The mission of the United States Coast Guard (USCG) is “Safety, Security, and Stewardship for the Nation’s Ports and Facilities.” It is under the Department of Homeland Security. The United States Coast Guard and military play a role in protecting our borders against trafficking. Censoring Prendergast (2017), it is quite evident that the CBP has played a critical part in stopping drug smuggling. For instance, 81% of the 265,500 pounds of hard drugs caught at the U.S.-Mexico border was stopped by customs officers (Prendergast, 2017). The USCG deserves credit for its security efforts. The USCG mitigates risks and improves security in domestic ports, on the high seas, and abroad within the United States. Its strategy to increase the maritime border security is achievable through a layered security system that is not only limited within the country’s borders but stretches beyond U.S. physical borders (INCSR, 2014). One amazing feature of the USCG strategy is that before vessels arrive in ports, they are screened in order to obtain information regarding cargo, passengers, and crews. Narcotics trafficking vessels can be detected through the collection, analysis, and dissemination of tactical information and strategic intelligence.

The U.S. government also uses the military to help stop drug smuggling. A report by USA Today (2013) indicated that the U.S. has expanded its drug war in Latin America due to the sophistication and violence of the traffickers. The strategy involves training law enforcement agents in Latin American nations, building a network of expensive hardware, radar, airplanes, ships, and runways. The reason as to why the military is actively involved in drug smuggling is because it has become a matter of national security according to the State Department and Pentagon officials (USA Today, 2013). Drug smuggling basically spread corruption and can potentially finance terrorism. Moreover, drug cartels stop at nothing to do what is necessary to the success of their business. That is, the killings due to drug smuggling call for military action. Consequently, the military action works to the disadvantage of drug cartels hence controlling drug smuggling.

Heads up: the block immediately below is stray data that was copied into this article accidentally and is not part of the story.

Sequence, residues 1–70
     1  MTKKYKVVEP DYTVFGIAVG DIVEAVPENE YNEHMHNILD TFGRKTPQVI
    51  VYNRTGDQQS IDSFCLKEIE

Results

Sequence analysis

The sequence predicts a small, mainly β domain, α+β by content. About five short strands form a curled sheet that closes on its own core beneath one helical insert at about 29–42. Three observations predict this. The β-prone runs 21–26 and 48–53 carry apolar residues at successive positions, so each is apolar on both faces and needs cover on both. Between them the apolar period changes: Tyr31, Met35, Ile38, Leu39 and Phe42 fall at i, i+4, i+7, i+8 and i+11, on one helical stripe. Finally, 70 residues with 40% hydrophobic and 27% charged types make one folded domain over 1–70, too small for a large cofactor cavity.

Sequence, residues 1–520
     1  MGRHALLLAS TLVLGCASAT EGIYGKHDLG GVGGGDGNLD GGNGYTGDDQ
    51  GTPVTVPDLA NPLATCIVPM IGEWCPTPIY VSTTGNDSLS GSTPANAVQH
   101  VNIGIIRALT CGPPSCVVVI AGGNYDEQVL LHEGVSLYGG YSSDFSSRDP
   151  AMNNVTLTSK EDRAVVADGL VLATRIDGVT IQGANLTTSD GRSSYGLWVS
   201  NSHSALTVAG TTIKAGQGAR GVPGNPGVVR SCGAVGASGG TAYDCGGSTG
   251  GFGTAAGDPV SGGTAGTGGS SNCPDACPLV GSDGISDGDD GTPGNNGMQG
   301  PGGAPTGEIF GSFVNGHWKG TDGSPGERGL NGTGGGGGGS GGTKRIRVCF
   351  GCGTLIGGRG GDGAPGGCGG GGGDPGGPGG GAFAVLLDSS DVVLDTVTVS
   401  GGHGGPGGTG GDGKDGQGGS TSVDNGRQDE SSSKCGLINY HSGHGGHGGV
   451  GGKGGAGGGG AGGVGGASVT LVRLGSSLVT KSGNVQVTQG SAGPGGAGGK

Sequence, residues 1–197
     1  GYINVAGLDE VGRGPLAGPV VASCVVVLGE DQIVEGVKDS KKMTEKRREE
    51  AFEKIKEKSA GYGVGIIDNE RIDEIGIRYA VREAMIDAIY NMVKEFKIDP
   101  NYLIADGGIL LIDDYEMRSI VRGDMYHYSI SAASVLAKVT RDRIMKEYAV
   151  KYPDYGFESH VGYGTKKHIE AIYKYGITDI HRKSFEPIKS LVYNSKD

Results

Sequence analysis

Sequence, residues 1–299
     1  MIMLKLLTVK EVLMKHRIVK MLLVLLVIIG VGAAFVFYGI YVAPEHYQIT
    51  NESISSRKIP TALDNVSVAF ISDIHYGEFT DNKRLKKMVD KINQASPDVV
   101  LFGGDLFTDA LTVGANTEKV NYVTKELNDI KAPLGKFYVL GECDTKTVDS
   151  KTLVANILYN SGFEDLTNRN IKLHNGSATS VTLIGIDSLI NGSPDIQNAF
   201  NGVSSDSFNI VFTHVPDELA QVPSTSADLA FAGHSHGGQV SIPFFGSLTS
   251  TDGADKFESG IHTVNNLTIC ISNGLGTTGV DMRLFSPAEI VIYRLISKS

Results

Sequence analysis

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One of the greatest steps made by the Coast Guard is to bring in more technology to fight drug smuggling at sea (Goodman & Lopez, 2017). The involvement of technology and intelligence in the war against smuggling can be attributed to the bloom in coca production in Colombia. In fact, Narcos drama series directed by Brancato (2015) is an embodiment of how cocaine established its roots into the United States. The Narcos TV show reveals the manner in which smugglers manage to get drugs into the U.S. drive money out of the U.S. economy while leaving back ruined lives through addiction and violence. With new technological advancements in place, the drug smuggling will most likely be eradicated. However, there are challenges involved. According to the show, even the drug smugglers in Colombia had their sniffing dogs and technology to detect whether their drug packages are detectable (Brancato, 2015). Therefore, if the smuggling of cocaine from Colombia has existed ever since it was introduced decades ago then it is arguable that drug dealers have been advancing in their operations just like the U.S. Coast Guard is advancing. That is, the smugglers will always work out plans to exploit the vulnerabilities in port security.

Maritime Transportation System

Port facility operations involve securing the ports. Thus the operations of the Maritime Transportation System should ensure no drugs are smuggled into the country through the ports. The Maritime Transportation System (MTS) is tasked with addressing safety and security concerns as well as the efficient movement of people at the nation’s coast and waterways with respect to port facilities. There are challenges faced by the MTS and they include an increased number of passengers being transported by ferry. This means there are chances that passengers will soon exceed the maximum limit that the available ferries can transport. According to (MARAD, n.d), it is estimated that between 2010 and 2020, the total value of marine freight will increase by 43% domestically and 67% internationally. Moreover, this poses even a greater challenge with regards to port security and smuggling. With increased population, there are chances that port security may weaken since a huge population of individuals and massive freight will be handled in the near future. This is definitely a stumbling-block just as it is a challenge to the war against drug smuggling. Smugglers can simply take advantage of the vulnerabilities in the ports.